Levon Aronian found a trick World Champion Magnus Carlsen described as “really awesome” to beat Vidit, then bamboozled Leinier Dominguez in an ending a pawn down, to score the only 2/2 of the day. That enabled Europe to catch the USA in 2nd place after Day 2 of the FIDE Chess.com Online Nations Cup. China nevertheless continue to lead, now by two points, despite dropping their first match point of the tournament after being held to a draw by Russia.
We’ve been lucky for our commentary that not all the world’s best players are taking part in the tournament! World Champion Magnus Carlsen felt the organisers hadn’t put much effort into recruiting him but also didn’t feel too attracted to the system:
I think for me it would have felt more important to play if I had been, let's say, American or Chinese or even Russian. Representing your country in such a tournament is huge, but representing Europe - I don't feel so strongly about Europe.
Magnus also turned interviewer with another of the commentators, 8-time Russian Champion Peter Svidler:
Magnus: Why are you not playing the tournament, Peter?
Peter: I'm not good enough!
That’s not true, of course, though it is true that Russia, as always, have an embarrassment of riches! We’re not sure why Jan Gustafsson isn’t in the European team as a 2011 European Champion, but in any case, we had a wonderful commentary trio for most of the day’s action:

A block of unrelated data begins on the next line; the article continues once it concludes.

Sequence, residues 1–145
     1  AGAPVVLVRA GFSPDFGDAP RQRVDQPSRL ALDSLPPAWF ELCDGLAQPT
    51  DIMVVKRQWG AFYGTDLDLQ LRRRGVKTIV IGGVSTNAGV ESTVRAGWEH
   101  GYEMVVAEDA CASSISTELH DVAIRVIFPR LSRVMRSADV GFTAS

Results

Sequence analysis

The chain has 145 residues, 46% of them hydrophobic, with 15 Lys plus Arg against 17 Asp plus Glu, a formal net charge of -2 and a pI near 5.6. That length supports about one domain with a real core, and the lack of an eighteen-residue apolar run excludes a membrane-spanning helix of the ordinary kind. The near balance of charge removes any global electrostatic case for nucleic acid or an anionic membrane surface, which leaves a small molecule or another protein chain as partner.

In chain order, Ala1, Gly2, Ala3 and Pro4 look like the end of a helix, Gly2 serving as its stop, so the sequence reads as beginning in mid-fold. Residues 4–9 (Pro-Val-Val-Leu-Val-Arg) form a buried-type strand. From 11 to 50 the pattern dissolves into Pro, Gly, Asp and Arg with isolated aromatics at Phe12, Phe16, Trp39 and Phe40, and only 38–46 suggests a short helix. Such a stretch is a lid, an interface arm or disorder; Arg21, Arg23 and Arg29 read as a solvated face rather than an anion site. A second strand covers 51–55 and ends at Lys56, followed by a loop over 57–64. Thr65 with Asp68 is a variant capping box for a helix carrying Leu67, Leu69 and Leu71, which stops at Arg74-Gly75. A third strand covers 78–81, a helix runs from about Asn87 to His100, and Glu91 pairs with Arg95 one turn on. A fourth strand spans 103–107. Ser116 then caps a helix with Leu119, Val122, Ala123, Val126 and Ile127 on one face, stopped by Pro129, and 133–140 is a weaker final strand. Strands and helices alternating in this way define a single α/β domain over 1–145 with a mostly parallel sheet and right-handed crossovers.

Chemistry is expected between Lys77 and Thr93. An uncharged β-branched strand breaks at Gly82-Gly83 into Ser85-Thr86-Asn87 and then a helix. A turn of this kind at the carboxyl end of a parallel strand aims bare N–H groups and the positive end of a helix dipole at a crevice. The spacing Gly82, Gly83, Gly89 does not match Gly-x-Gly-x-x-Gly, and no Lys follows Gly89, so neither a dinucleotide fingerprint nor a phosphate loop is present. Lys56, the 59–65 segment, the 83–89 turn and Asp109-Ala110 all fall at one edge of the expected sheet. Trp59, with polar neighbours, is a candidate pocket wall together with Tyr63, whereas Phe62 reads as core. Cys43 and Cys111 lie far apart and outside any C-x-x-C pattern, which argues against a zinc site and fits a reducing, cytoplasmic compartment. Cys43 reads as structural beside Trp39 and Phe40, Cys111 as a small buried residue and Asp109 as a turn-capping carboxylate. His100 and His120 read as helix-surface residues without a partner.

Let’s take a look at some of the highlights:
In global terms the most significant event of Round 3 was Russia taking the first match point away from leaders China. Ding Liren managed to surprise Ian Nepomniachtchi just out of the Grünfeld Defence opening and was soon much better. Magnus talked about Nepo’s approach to the openings – and chess life in general in these online lockdown times:
Nepo almost saved the day but couldn’t avoid a second loss in a row after he let the world no. 3 create an unstoppable passed d-pawn. Vladislav Artemiev hit back for Russia, however, with the final blow against Wei Yi exploiting some nice chess geometry:
25.Bxh6+! Black resigns. After 25…Kxh6 White has the fork 26.Nxf7+, picking up the loose bishop on e5.
The USA took advantage of that minor slip by China to catch them in the lead as they beat the Rest of the World 2.5:1.5. Irina Krush convincingly beat Dinara Saduakassova in the only decisive game, with the US Grandmaster so far scoring 1.5/2 on her return to chess after recovering from catching the coronavirus.
The day was stolen, however, by Levon Aronian. On top board Vishy Anand and MVL, who have both drawn all 4 of their games so far, made a solid draw, while both teams missed chances in draws on the bottom two boards. The decisive game saw Levon beat Vidit from a position that seemed destined to end in a draw, until 46…Bc2 allowed a wonderful shot!
47.b4!! This would clearly be good for White if the b-pawn is now free to advance, but doesn’t 47…axb3 just give Black an extra pawn? Levon showed his point with the only winning move, 48.Bb2!